Heat the bolt until it glows bright orange (this anneals, or softens, the metal); cool overnight.

    C

    Place the bolt through both shutter and hinge, then use a hacksaw to cut off any excess length.

    D

    Clamp the whole assembly over a flat steel and timber surface for proper peening.

    E

    Prepare the carriage bolts by cutting away excess length; they should be ¾” longer than the shutter/hinge assembly. Then, stand them head-up in a vise and file or grind away the square head to match the round shaft [B]. Next, flip the bolt around and heat the last inch or so with the MAPP gas torch until it glows bright orange [C]; this process anneals, or softens, the metal, making it easier to peen. (Note: Always don appropriate safety gloves and goggles when filing and working with the torch.) Let it cool overnight (do not quench it in water; it will harden the metal). Once the bolt has cooled, lightly sand it and spray it with a rust-inhibiting primer.

    Insert the bolt through the shutter hinge. Next, use a hacksaw or angle grinder to cut off all but ¼” to 5⁄16″ of the area protruding above the hinge [D]. Clamp the shutter and hinge securely over a strong, flat surface to prepare for peening [E].

    Use the ball end of a ball peen hammer to pound the rivet, mushrooming it evenly over the opening in the hinge.

    F

    Wearing ear and eye protection, strike the center of the protruding shaft with the ball portion of a ball peen hammer [F]. With a little practice, you will be able to mushroom the metal evenly around the shaft until it forms a shallow mound covering the hole.

    If the metal was sufficiently softened, peening will take no more than five minutes per rivet. When you have finished peening all the rivets, the hinge should sit tight. Finally, coat the hammered ends with a clean metal primer and paint with two finish coats of paint. Your finished shutter—accented by era hardware—should function for another century.

    Ray Tschoepe, one of OHJ’s contributing editors, is the director of conservation at the Fairmount Park Historic Preservation Trust in Philadelphia.

    Published in: Old-House Journal August/September 2010



    Get your FREE Trial Issue of Old House Journal and 2 FREE gifts.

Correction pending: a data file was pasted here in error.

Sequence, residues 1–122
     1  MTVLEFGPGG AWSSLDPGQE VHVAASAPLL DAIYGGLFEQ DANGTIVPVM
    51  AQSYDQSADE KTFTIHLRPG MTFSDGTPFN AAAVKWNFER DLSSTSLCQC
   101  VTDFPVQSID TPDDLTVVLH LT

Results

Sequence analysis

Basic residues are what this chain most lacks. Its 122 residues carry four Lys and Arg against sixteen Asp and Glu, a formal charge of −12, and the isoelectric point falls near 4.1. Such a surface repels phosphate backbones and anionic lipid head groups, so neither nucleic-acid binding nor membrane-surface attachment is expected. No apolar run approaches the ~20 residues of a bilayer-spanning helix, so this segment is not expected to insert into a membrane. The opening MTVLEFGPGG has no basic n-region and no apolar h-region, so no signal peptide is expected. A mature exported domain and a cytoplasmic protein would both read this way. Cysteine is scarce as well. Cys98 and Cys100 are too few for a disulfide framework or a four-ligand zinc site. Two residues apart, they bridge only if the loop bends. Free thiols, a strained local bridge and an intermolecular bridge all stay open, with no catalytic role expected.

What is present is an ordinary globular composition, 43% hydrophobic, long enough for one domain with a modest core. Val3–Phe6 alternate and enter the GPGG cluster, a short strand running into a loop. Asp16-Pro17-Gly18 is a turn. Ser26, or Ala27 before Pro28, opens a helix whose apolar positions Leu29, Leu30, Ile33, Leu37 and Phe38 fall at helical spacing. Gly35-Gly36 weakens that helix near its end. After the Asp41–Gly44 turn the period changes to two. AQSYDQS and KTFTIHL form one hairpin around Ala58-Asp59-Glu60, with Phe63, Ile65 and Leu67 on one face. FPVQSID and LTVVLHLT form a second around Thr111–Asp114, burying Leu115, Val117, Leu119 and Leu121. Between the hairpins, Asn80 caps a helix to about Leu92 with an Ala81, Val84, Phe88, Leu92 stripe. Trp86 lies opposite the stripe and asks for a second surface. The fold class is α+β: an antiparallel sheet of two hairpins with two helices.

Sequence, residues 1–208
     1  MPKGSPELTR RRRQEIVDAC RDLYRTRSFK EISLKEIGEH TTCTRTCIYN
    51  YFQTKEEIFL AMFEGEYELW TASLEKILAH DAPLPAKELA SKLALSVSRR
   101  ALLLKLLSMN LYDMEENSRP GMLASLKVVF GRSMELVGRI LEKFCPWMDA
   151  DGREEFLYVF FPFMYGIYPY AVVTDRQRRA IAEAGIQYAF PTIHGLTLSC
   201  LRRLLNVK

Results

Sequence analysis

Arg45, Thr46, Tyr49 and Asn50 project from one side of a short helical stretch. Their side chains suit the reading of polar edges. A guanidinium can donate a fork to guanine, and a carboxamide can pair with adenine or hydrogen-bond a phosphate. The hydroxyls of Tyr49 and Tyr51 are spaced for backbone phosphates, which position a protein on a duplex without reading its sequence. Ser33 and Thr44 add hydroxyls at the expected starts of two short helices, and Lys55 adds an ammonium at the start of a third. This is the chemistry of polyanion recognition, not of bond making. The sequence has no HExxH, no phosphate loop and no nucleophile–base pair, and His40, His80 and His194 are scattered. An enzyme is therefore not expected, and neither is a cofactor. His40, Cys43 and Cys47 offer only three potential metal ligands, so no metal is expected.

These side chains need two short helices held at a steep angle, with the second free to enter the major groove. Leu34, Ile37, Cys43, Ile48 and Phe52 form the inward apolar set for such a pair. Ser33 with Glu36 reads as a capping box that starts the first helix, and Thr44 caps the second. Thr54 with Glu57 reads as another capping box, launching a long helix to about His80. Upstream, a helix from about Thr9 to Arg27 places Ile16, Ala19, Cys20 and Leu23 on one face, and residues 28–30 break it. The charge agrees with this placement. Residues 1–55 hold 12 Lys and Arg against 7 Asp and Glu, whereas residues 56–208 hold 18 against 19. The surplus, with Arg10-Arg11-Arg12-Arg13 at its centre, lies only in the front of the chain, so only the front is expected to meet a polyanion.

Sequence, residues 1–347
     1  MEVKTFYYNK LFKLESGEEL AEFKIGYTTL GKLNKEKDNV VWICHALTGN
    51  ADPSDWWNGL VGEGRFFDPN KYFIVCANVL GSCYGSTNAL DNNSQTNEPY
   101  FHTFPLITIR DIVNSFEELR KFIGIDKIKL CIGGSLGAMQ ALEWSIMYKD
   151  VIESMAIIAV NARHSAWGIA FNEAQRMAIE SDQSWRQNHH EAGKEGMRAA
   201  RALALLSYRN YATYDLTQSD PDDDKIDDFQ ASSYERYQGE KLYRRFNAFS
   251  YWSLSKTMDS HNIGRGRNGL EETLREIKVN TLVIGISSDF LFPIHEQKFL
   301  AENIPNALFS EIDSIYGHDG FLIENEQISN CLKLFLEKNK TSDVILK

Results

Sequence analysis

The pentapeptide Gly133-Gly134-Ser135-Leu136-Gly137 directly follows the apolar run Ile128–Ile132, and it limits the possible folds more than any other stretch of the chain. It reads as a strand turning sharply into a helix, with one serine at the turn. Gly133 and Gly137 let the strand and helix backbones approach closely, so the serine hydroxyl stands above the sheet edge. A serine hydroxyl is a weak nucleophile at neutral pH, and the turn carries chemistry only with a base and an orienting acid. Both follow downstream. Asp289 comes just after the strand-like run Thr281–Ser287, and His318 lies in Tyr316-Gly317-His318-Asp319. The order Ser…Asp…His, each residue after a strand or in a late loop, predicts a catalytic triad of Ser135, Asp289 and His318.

Yes! Please send me a FREE trial issue of Old House Journal and 2 FREE gifts.
    If I like it and decide to continue, I'll get 7 more issues (8 in all) for just $24.95, a savings of 48%. If for any reason I decide not to continue,
    I'll write cancel on the invoice and owe nothing. The Free Trial Issue is mine to keep, no matter what.
     
     Full Name:
     Address 1:
     Address 2:
     City:
     State:
     Zip Code:
     Email (req):
     
    Offer valid in US only.
    Click here for Canada or here for international subscriptions

    Products & ServicesHouse ToursHistoric PlacesHouse StylesOldHouseOnline.comMagazine
    Architectual ElementsKitchen & BathsHistoric HotelsArchitectural TermsRepairs & How ToSubscribe to Old-House Journal
    BathsInterior & DécorHistoric NeighborhoodsAmerican FoursquareFree NewslettersBack Issues
    Ceilings & WallsGardens & ExteriorsHouse MuseumsBungalowSubscribe to Arts & Crafts HomesDigital Editions
    Doors & WindowsColonial RevivalOld House CommunityAdvertise
    Exterior Products & LandscapeGothicAbout Us 
    FlooringQueen AnneContact Us 
    FurnitureVictorianPrivacy Policy
    HardwareLand for Sale
    Heating & CoolingSite Map
    Home Décor
    Kitchens
    Period Lighting
    Real Estate
    Repair & Restoration
    Roofing & Siding
    Tools & Equipment

    EXPLORE OUR HOME GROUP BRANDS:
     
    Designer Sourcw e bookHistoric Home Show Logo

    Copyright © 2011-2016 Old House Online